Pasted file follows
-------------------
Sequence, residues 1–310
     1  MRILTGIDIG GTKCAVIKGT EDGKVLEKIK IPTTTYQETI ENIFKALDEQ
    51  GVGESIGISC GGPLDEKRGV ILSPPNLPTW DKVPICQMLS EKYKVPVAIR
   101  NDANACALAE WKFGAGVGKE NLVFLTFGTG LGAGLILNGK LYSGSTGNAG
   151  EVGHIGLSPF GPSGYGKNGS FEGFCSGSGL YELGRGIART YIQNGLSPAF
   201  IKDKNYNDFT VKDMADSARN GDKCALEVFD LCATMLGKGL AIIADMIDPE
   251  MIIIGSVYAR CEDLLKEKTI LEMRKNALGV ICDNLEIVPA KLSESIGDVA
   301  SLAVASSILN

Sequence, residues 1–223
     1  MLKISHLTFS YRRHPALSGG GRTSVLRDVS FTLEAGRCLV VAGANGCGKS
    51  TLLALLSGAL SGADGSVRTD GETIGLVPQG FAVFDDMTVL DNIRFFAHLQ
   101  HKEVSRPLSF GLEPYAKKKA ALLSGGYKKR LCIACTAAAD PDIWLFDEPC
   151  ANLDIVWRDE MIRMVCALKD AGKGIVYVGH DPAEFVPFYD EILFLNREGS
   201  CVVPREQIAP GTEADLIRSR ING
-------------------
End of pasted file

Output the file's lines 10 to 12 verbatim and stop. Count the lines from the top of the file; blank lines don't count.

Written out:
     1  MLKISHLTFS YRRHPALSGG GRTSVLRDVS FTLEAGRCLV VAGANGCGKS
    51  TLLALLSGAL SGADGSVRTD GETIGLVPQG FAVFDDMTVL DNIRFFAHLQ
   101  HKEVSRPLSF GLEPYAKKKA ALLSGGYKKR LCIACTAAAD PDIWLFDEPC